Sir Mike Hailwood was arguably the greatest motorcycle racer of all time, stated without any sentimentality. Over the course of his career, he won 74 Grands Prix, and the Isle of Man TT a record 14 times. While he came from a wealthy and affluent family, he was a people’s champion, whose respect he earned by performing such acts as when in his later years as an auto racer, he stopped mid-race to pull a competing racer from a burning car. They called him “Mike the Bike” after his almost unreal ability to ride a motorcycle.
Hailwood was born in England in 1940, son to a pre-World War II motorcycle racer and owner of a motorcycle distributorship. Hailwood started riding minibikes at a very early age, and is said to have worn ovals into the field on his parents’ property from all the laps he ceaselessly rode.
Hailwood started racing shortly after he turned 17, and took 11th in his first road race. With that singular experience under his belt, he started winning. Consistently. Within several months of his first race, he acquired his international racing license, which often took racers several years to acquire.
In 1958, one year after he started racing, he was a competitor in the Grands Prix circuit. He finished second in the 250 cc championship, and won three British domestic championships. His second year of racing, he won 74 races. In 1959, he signed on with Ducati, and became the youngest rider of his time to win an international championship race at age 19.
In 1961, he won the 250 cc world championship. In 1962, he started competing in the 500 cc class, and won the 500 cc world championship four years running. In 1964, he won the American GP at Daytona International Speedway. In 1966 and 1967, he competed in the 250 cc and 350 cc classes, and won four more world titles.
By 1967 he had also been competing in the Isle of Man TT, which he had won 12 times. In 1967, he won what is considered to be the greatest race ever held on the track: the 1967 Senior TT. Hailwood was pitted against his arch-nemesis Giacomo Agostini, who was beating him by a 21 second lead by the third lap around the infamous course. Hailwood was struggling with a loose throttle grip, which could not be corrected when he made his pit stop after his second lap. In frustration, his mechanic tied a handkerchief on that helped slightly, and pushed him back out onto the road. Hailwood raced harder than he had ever raced before, and slowly made up time as he pursued his competition. But suddenly, just miles from the finish during the final lap, Agostini’s chain snapped. Hailwood sped past him and seized the victory.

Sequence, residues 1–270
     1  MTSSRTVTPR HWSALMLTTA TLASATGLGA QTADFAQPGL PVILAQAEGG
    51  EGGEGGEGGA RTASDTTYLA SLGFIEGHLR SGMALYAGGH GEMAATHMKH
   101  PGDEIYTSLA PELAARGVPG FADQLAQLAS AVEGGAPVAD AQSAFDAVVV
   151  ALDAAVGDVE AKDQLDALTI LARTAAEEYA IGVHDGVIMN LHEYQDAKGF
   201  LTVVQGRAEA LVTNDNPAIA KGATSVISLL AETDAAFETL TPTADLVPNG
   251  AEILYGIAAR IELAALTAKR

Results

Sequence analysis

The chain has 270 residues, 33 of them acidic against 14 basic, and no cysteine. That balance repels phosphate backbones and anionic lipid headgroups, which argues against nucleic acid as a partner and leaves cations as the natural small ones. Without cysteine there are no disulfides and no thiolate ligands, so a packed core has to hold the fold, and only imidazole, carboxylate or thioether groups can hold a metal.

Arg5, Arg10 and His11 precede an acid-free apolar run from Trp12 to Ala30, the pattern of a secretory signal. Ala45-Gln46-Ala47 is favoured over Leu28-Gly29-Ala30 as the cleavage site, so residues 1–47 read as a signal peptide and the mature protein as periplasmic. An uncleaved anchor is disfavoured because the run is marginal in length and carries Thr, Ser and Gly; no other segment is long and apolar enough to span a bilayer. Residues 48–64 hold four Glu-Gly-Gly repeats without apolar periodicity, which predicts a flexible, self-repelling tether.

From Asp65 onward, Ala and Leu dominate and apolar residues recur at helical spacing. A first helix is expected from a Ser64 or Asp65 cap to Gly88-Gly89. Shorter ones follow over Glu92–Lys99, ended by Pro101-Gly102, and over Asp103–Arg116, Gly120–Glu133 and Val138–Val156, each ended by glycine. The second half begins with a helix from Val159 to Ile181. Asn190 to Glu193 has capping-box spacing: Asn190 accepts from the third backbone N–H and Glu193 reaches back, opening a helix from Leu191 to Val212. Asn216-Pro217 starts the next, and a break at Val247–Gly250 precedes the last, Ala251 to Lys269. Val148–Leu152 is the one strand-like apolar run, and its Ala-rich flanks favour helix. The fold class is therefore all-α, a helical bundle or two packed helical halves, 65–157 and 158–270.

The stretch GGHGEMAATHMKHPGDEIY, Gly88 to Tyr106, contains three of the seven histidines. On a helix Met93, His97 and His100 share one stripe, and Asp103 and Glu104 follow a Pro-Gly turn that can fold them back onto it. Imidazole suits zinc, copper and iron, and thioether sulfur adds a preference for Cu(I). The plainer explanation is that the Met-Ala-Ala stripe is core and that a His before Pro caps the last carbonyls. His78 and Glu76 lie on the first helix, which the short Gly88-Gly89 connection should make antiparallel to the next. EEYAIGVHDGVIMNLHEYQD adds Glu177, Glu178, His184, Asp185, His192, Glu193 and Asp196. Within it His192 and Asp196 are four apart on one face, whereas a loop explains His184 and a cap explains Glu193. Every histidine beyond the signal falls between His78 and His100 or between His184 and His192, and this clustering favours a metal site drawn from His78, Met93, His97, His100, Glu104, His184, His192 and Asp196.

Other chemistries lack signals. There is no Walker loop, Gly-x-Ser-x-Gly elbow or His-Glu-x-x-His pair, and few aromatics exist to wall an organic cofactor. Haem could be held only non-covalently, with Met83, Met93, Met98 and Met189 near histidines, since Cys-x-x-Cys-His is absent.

In 1968, Hailwood’s sponsor pulled out of Grand Prix racing, and paid Hailwood to also pull out to keep him on their roster for when they would re-enter. But Hailwood never did, and opted to start a career in auto racing.
Hailwood’s auto racing career was successful, but not nearly as successful as his motorcycle racing career. His auto career was crowned by two highly respectable achievements, however: he won the Formula Two world title, and earned a podium finish at the 24 Hours of Le Mans.
In 1974, Hailwood suffered a horrifying crash during the German GP, and so severely injured his right leg that he had to retire from auto racing.
Hailwood retired to New Zealand, and never thought he would race again. But in 1978, someone planted the idea of racing in the Isle of Man TT again, and so he did. 11 years after his last motorcycle race, atop a Ducati 900SS, Hailwood effortlessly won the F1 class in what motorcycle journalists called the most exhilarating race they had ever witnessed. The following year, he competed again, before fully retiring from motorcycle racing.
For his blindingly great career in motorcycle racing and his contributions to the sport, Mike Hailwood was knighted by Queen Elizabeth, and so became a Member of the British Empire.
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